Ability Level: Beginner-Intermediate

The Dalbello Jakk is popular among freestyle riders. It has a lightweight design that provides comfort but holds up when it comes to performance. It has a soft flex making it suitable for beginners and provides a lot of features that make it an attractive budget option. The Jakk features Dalbello’s Cabrio design which is a unique 3-piece shell design. It provides dynamic rebound improving the performance of the rider. It also features a hike/ride mechanism that allows you to walk in these boots.

The liner is excellent. It is a thermoformable liner just like the Nordica Cruise 70 above. Both of these boots have almost the same price so a heat-moldable liner makes sense. The Jakk also features Dalbello’s Contour 4 technology which provides comfort in 4 critical regions; ankles, heel, navicular, and the 5th metatarsal. There are 3 aluminum buckles on the Jakk. The buckles are also micro-adjustable. Along with the comfort liner, and Contour 4 technology, the buckles provide a comfortable, custom, secure fit that makes for an enjoyable ski experience. The Jakk also features Dalbello’s patented replaceable heel and toe protectors. The protectors contribute to the longevity of the boots. The Jakk comes with ISO 5355 Alpine soles which are replaceable. The GripWalk soles are sold separately.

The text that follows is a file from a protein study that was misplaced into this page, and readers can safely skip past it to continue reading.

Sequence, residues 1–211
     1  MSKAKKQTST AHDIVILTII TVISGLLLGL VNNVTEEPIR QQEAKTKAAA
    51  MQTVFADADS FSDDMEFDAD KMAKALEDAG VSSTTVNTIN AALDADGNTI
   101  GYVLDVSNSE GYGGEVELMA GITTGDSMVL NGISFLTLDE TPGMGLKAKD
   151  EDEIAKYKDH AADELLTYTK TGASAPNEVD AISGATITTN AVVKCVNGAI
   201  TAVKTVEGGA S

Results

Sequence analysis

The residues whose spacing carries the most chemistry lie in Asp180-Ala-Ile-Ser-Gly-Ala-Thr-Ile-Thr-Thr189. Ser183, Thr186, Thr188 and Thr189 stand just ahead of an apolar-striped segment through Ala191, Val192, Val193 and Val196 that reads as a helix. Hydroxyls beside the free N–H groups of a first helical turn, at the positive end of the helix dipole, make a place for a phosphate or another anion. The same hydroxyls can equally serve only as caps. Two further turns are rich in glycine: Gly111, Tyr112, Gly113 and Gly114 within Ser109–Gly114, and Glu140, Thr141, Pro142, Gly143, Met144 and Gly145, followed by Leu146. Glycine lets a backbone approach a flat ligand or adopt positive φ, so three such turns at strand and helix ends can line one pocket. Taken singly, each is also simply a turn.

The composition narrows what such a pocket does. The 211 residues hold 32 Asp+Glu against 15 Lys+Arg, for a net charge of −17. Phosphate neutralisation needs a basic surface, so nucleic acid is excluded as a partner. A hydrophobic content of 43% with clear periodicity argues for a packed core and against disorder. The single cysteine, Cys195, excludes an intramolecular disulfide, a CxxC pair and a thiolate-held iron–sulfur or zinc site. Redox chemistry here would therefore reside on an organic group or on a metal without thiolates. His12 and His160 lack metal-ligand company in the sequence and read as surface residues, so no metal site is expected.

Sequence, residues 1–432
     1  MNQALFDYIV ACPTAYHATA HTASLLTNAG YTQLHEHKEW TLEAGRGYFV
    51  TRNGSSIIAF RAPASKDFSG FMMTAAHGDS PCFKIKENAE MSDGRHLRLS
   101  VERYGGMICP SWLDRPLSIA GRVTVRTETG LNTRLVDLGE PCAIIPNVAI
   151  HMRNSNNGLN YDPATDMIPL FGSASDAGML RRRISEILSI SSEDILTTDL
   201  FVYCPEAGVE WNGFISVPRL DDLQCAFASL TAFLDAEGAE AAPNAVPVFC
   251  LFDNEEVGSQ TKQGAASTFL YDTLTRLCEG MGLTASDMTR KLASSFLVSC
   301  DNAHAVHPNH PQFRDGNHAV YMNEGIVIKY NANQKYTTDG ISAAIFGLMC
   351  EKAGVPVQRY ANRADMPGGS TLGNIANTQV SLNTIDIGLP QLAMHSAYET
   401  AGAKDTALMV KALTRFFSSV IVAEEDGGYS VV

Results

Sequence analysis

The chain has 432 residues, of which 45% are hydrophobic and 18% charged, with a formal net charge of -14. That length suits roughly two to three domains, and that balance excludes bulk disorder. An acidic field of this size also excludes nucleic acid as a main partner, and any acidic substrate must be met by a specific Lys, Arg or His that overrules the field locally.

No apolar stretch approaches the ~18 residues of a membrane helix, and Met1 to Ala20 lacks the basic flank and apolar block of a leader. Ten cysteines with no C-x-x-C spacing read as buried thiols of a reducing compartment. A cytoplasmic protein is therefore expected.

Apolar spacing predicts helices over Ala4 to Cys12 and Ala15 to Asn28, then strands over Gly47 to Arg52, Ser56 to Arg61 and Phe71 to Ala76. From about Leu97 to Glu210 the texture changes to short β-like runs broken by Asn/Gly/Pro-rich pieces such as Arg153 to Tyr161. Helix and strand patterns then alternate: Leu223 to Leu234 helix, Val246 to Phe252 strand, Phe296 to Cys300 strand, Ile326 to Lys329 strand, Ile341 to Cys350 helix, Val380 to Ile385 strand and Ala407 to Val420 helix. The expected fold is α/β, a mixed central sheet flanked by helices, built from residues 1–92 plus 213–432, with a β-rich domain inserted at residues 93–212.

What I like: The soft-to-medium flex is great for all ability levels with good stability and mobility.

What I don’t like: Questionable durability

See the Dalbello Jakk

5. Nordica Sportmachine 80

Nordica Sportmachine 80

Last: 102mm
Flex: 80
Binding Compatibility: Alpine
Ability Level: Beginner-Intermediate